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Publisher's Summary

Carl Menger (1840-1921) and Eugen von Bohm-Bawerk (1851-1914), working in Vienna in the late nineteenth century, rejected the classical and Marxian ideas that value can be measured objectively. They insisted that the subjective preferences of consumers determine value; this shifted the attention of economic analysis from productive power to consumer demand.

This shift led to keen new insights, including the idea that the marginal utility of goods determines its price. Other insights of the early Austrians include an explanation of why interest is necessary, how the price system allocates economic resources, how to determine cause vs. effect in economic affairs, and how to distinguish between the means (activities) and ends (goals) of economic activity.

©1988 Carmichael & Carmichael, Inc. and Knowledge Products (P)1988 Carmichael & Carmichael, Inc. and Knowledge Products

What listeners say about Early Austrian Economics

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    5 out of 5 stars
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Excellent Early History of Australian Economics

Israel Kirzner did a great job at giving the listener of this audiobook, a solid basic view of how, and by whom the Australian school of economics came to be. Also note worthy, is the great job Louis Rukeyser did in the reading of text.

4 people found this helpful

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Kirzner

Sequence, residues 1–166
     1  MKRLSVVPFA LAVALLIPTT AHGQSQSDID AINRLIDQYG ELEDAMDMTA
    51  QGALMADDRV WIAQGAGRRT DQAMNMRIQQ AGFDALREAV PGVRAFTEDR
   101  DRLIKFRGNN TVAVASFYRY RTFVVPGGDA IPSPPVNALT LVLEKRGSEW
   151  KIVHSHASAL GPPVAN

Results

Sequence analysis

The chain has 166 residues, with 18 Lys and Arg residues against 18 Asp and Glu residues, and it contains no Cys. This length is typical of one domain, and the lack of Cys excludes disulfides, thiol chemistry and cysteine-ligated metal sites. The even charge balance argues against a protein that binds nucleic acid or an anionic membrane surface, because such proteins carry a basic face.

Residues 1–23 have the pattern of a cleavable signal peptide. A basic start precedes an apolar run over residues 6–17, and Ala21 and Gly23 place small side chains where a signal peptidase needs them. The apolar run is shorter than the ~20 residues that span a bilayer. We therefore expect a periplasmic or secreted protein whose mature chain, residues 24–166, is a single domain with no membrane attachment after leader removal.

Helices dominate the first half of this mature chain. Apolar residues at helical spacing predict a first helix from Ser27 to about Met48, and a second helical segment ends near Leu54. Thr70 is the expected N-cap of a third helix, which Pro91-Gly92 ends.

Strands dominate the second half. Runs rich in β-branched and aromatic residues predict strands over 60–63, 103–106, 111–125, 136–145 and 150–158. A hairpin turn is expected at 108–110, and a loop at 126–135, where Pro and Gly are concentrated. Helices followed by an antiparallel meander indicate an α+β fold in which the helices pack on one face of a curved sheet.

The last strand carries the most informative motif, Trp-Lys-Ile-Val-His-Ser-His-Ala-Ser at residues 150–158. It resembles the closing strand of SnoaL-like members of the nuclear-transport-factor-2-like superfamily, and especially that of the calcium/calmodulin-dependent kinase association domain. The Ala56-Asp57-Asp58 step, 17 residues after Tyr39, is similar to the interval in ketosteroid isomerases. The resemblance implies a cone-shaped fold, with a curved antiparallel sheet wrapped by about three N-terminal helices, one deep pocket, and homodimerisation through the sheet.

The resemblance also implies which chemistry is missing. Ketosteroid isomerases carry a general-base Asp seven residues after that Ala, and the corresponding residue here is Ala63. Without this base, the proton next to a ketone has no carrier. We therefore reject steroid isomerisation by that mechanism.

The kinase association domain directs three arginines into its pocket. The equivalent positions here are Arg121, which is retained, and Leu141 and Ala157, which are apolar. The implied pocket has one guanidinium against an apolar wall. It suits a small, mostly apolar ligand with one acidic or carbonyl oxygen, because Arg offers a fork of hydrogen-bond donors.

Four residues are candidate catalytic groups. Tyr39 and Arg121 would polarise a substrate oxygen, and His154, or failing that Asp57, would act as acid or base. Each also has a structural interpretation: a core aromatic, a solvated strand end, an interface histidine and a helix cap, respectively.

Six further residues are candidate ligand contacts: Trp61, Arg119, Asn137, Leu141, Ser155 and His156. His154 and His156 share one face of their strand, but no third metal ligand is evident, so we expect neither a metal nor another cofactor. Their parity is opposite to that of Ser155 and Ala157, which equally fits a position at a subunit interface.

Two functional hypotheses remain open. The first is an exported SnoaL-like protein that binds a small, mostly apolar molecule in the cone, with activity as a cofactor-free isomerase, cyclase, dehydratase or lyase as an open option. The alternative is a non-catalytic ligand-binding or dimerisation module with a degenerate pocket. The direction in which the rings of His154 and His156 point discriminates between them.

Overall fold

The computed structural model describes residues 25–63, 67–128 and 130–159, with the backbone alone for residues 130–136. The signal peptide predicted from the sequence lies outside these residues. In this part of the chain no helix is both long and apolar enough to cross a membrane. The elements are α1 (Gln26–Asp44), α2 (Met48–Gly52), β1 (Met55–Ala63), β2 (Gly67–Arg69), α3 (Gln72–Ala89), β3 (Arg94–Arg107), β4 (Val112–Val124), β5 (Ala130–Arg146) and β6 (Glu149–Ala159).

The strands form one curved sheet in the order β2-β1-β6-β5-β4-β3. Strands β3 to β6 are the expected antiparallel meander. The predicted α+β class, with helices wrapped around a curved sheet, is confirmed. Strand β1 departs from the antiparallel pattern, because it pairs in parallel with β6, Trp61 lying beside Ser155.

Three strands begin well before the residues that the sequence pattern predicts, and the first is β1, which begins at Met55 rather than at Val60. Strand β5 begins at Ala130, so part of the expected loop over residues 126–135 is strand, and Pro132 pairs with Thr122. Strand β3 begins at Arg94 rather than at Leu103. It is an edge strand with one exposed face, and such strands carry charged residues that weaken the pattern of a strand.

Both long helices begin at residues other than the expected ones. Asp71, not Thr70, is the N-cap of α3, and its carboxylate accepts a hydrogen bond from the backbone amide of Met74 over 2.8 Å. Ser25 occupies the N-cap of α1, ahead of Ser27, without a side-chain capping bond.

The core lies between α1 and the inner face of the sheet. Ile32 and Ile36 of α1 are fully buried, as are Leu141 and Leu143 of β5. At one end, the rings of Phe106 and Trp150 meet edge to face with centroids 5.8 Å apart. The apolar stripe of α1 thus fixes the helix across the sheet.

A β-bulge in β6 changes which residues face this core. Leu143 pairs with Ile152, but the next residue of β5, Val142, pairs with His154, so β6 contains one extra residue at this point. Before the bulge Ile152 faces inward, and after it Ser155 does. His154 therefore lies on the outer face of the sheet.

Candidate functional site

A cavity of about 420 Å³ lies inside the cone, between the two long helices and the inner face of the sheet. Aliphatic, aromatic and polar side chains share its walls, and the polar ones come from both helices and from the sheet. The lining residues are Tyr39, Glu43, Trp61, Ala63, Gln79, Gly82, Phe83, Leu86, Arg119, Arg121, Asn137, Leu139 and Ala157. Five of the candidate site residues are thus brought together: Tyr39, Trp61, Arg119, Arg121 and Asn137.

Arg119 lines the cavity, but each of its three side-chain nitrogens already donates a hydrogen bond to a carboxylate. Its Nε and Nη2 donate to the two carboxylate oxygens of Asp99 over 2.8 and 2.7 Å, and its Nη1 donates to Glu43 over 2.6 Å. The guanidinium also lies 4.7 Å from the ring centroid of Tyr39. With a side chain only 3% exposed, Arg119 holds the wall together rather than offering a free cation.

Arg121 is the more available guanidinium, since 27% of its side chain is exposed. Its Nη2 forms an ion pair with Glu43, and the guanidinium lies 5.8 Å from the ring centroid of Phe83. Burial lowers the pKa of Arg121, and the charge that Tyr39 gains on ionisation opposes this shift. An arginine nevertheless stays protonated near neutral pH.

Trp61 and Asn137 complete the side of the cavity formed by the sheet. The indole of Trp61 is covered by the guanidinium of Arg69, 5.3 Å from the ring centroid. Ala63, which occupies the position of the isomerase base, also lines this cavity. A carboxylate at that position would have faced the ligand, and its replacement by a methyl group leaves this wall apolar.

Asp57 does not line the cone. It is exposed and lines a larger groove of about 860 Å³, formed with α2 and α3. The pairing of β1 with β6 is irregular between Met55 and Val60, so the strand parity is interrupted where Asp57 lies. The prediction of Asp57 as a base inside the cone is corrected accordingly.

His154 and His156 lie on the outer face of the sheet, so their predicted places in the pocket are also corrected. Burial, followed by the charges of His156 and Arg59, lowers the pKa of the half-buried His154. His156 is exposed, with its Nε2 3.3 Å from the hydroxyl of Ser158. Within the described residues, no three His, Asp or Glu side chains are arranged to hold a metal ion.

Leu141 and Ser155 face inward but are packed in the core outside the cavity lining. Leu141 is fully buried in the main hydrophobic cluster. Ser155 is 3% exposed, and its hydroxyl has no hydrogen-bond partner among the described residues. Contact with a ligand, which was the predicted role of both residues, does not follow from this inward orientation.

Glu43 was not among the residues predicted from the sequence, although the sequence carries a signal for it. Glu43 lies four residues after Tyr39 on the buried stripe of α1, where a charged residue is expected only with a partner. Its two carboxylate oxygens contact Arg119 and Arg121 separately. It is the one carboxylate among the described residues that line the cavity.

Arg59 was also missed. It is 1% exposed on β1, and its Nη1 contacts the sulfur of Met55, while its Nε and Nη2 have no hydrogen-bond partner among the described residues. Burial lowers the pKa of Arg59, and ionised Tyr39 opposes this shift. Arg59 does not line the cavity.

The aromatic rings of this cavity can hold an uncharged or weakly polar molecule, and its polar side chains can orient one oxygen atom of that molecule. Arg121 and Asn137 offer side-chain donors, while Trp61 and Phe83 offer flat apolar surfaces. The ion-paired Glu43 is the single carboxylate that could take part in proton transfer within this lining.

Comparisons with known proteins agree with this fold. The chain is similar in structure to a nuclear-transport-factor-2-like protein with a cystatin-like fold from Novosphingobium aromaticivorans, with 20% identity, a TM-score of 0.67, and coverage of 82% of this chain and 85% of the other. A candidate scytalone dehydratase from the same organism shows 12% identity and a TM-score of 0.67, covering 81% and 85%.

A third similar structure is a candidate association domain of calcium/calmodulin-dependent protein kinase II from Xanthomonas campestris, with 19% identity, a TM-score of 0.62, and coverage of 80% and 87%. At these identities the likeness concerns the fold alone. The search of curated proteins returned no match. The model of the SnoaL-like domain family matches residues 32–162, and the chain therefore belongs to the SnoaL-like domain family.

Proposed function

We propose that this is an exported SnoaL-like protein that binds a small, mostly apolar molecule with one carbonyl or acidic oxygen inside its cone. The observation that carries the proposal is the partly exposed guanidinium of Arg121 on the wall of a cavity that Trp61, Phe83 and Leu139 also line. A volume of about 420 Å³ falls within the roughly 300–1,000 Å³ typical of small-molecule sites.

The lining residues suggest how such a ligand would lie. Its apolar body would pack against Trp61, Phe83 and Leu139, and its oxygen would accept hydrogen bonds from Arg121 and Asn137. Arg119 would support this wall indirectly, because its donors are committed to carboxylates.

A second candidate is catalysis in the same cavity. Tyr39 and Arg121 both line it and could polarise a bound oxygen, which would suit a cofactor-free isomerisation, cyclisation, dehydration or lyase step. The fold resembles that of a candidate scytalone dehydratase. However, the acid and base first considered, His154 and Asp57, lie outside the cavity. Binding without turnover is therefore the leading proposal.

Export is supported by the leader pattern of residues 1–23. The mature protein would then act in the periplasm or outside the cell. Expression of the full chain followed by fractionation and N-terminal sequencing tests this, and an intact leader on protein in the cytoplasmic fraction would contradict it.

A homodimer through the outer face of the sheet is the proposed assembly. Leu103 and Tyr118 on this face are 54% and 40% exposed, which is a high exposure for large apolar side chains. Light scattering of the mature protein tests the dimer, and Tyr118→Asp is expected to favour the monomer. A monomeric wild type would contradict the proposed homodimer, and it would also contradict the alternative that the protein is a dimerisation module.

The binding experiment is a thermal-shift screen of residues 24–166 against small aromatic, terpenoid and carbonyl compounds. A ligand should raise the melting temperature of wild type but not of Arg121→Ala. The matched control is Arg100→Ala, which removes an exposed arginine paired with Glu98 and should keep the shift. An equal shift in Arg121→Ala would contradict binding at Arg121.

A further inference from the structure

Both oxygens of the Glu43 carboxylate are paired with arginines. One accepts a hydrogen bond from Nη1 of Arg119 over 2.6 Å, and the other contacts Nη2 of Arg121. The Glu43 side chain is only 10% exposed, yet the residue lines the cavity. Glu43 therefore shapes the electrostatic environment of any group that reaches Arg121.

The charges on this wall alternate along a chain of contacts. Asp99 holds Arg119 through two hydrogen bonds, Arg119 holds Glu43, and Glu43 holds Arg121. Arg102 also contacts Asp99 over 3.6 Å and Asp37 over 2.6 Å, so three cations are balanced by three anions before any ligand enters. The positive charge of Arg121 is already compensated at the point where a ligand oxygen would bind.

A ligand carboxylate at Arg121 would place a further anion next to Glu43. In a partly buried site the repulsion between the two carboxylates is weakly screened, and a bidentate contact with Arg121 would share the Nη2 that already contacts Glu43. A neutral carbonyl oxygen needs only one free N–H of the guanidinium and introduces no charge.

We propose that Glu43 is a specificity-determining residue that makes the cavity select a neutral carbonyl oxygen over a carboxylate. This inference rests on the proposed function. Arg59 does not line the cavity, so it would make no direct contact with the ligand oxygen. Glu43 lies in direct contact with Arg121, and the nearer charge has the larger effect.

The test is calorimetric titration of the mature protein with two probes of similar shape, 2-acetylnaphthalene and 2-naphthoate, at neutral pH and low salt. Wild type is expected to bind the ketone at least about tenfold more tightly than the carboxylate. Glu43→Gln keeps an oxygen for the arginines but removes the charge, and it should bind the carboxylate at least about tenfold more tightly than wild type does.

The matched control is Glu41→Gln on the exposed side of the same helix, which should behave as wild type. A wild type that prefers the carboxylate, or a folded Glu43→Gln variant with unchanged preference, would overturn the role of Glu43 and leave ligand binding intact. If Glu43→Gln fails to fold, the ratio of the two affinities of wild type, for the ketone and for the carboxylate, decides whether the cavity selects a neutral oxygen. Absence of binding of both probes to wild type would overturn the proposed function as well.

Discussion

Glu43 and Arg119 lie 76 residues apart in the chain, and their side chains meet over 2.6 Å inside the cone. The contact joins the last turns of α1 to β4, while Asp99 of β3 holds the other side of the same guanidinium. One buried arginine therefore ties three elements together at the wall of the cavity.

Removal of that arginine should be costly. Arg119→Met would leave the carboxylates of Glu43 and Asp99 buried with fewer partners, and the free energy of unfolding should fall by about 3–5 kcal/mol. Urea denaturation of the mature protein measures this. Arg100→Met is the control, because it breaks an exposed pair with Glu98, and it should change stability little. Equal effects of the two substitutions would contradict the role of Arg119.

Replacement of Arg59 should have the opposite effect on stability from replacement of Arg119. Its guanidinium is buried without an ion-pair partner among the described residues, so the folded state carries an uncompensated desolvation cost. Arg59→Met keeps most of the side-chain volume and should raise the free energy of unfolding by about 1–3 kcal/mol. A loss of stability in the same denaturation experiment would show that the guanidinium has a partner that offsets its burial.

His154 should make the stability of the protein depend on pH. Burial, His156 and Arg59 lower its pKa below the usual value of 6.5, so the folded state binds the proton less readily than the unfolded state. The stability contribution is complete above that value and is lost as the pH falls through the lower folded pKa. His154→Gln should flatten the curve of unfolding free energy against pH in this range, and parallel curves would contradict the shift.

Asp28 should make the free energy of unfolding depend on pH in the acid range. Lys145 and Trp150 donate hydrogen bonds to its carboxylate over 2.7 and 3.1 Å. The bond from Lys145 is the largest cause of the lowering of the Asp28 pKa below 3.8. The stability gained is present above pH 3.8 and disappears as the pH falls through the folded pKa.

Kirzner is an excellent scholar.

The fake accents in the reading are a weak point of an otherwise good book.

1 person found this helpful

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Basic overview and history of Austrian Economics

Easy and quick listen. overviews the origins and basic understanding of the Austrian School. with particular emphasis on it's comparison with marixism and the product of labor.

1 person found this helpful

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    3 out of 5 stars
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An OK Summary

Is there anything you would change about this book?

This book is a summary of early Austrian economic historical figures. I learned some new names and may pursue some of them. I was hoping for more detail on their ideas. As an introduction to those who fathered Austrian economic theory it's OK.

How could the performance have been better?

Using speakers with Austrian accents was a distraction that made the message hard to follow. Mr. Rukeyser is one of the best narrators around. He should have read the whole book.

If this book were a movie would you go see it?

No

1 person found this helpful

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spare me the chimes

The content is good and I don't mind the accents, but the chimes are distracting. It's a history book, so don't expect the content to provide any kind of enlightenment regarding modern exchange theory or application. I feel that this does reinforce the confusion around the 19th century regarding economic theory in the development of democracy. It seems the economists of the time were a bit confused by the previous central management, probably due to obfuscation or a kind of opacity regarding monetary management prior to the transition.
where did money come from? it was always there
where did credit come from? the observation of time by accountants
where did interest come from? exchange between producers or managers of a common product